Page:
Additional allegations of broader negative impacts of the “Strike Hard” campaign and associated policies in XUAR on the human rights of persons belonging to ethnic communities have arisen, beyond the aspects of large-scale deprivation of liberty of certain categories of individuals already described in this assessment.

Claims have been made, specifically in terms of undue restrictions on cultural, linguistic, and religious identity and expression; rights to privacy and movement; reproductive rights; as well as with respect to employment and labour rights.

The right of members belonging to minorities to be protected from discrimination is enshrined in China’s Constitution and in the Regional Ethnic Autonomy Law 182. 

Has been reiterated in numerous official policy documents featuring equality, unity, regional ethnic autonomy, and common prosperity for all ethnic groups.

Freedom of religion and “normal religious activities” are protected in China’s Constitution,185 and the Government cites that more than 20 million people follow Islam in provinces and regions throughout China.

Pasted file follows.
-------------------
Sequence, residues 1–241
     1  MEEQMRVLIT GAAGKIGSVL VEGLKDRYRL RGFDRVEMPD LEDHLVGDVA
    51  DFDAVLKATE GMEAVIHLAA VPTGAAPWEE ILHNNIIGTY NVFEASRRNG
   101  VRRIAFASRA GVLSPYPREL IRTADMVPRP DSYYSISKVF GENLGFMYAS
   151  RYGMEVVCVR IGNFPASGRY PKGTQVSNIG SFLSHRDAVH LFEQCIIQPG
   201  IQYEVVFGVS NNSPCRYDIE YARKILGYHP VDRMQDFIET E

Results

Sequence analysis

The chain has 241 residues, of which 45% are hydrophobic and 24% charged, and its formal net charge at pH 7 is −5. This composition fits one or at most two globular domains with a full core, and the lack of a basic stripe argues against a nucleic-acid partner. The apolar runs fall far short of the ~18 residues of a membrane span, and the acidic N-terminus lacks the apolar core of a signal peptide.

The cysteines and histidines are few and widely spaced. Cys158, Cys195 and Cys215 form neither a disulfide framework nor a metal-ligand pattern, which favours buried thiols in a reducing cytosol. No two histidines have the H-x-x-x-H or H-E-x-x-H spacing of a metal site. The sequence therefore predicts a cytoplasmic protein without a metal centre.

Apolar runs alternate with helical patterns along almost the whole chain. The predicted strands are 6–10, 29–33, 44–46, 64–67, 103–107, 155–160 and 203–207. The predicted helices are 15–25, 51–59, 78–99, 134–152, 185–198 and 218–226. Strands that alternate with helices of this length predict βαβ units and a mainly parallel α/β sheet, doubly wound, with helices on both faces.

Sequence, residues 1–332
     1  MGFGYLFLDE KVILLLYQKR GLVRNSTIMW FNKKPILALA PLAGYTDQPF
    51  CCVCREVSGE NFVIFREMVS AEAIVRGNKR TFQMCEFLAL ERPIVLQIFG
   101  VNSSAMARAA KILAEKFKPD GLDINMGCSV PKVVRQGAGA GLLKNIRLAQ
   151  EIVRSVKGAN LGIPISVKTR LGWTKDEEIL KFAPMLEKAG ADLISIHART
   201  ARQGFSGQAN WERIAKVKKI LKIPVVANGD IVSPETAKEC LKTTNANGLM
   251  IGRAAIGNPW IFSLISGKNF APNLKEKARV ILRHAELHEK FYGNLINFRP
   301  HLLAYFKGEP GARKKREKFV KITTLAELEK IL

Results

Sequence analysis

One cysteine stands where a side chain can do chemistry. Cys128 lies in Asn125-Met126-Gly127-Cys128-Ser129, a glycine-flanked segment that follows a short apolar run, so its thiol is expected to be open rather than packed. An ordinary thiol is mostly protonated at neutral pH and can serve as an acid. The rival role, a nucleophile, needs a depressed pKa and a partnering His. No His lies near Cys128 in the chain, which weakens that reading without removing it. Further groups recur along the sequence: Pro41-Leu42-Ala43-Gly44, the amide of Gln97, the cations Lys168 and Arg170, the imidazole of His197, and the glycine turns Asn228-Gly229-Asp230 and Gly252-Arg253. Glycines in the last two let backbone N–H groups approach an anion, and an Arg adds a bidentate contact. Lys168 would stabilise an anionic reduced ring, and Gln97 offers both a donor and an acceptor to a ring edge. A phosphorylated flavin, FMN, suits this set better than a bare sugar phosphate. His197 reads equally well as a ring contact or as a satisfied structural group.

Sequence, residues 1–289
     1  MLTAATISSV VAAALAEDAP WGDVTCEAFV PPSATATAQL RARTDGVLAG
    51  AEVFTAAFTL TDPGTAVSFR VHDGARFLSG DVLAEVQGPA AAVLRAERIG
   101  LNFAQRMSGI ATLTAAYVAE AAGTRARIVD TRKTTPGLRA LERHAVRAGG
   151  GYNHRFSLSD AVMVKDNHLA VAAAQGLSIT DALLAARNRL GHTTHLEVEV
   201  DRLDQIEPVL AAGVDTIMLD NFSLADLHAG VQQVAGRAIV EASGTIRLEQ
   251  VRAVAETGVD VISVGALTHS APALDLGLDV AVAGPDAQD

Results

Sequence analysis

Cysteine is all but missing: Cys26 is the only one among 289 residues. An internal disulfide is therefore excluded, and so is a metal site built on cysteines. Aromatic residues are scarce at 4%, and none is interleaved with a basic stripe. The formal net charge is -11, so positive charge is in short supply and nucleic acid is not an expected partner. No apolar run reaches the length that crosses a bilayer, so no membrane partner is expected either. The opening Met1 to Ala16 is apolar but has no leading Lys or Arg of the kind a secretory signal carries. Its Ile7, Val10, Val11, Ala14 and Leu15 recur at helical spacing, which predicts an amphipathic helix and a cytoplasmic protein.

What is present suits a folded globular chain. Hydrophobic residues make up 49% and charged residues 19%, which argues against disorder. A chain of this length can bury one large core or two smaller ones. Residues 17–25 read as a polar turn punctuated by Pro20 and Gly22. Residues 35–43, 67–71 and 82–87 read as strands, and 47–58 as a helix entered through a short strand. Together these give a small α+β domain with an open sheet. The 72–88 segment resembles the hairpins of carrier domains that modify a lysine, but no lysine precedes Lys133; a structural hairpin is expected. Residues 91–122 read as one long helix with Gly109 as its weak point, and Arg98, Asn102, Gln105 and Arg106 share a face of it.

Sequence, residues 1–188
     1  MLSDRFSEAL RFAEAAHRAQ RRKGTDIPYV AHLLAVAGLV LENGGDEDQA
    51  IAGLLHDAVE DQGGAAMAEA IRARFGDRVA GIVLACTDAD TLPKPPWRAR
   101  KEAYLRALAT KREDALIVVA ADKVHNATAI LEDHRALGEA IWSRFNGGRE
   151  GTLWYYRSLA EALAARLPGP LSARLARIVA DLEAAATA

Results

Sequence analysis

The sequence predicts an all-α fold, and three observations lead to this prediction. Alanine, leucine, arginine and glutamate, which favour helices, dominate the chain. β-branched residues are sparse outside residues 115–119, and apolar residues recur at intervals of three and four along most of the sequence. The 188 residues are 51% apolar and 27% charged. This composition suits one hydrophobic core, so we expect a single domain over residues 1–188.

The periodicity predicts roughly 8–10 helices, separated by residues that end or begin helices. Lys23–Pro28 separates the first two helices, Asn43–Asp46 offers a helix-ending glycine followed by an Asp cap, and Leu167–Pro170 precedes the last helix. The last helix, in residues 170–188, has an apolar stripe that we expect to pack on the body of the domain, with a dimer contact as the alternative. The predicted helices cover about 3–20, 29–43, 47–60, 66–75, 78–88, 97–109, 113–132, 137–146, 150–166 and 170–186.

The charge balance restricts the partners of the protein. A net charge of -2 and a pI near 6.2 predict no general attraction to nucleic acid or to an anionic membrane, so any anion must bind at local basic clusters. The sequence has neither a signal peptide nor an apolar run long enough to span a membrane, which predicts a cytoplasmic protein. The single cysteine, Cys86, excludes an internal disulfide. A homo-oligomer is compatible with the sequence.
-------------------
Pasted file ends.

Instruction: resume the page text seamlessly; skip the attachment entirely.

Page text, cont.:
Religious activity is strictly prohibited in “state institutions, schools of national education, public institutions and other places”.187 Children are not allowed to participate in religious activities.

8The Government, however, indicated that it advocates a form of “Islam with Chinese characteristics” which adheres to core beliefs but is better adapted to Chinese society and can play a positive role in China’s economic and social development.

the legal instruments include a list of “primary expressions of extremism”190 that have in practice been accompanied by lists of “signs” 191 of “religious extremism” to assist officials and the general public in identifying “extremist” behaviour in the community.1

UN Human Rights Office cites 'credible' allegations of torture or abuse of detainees in China's Xinjiang region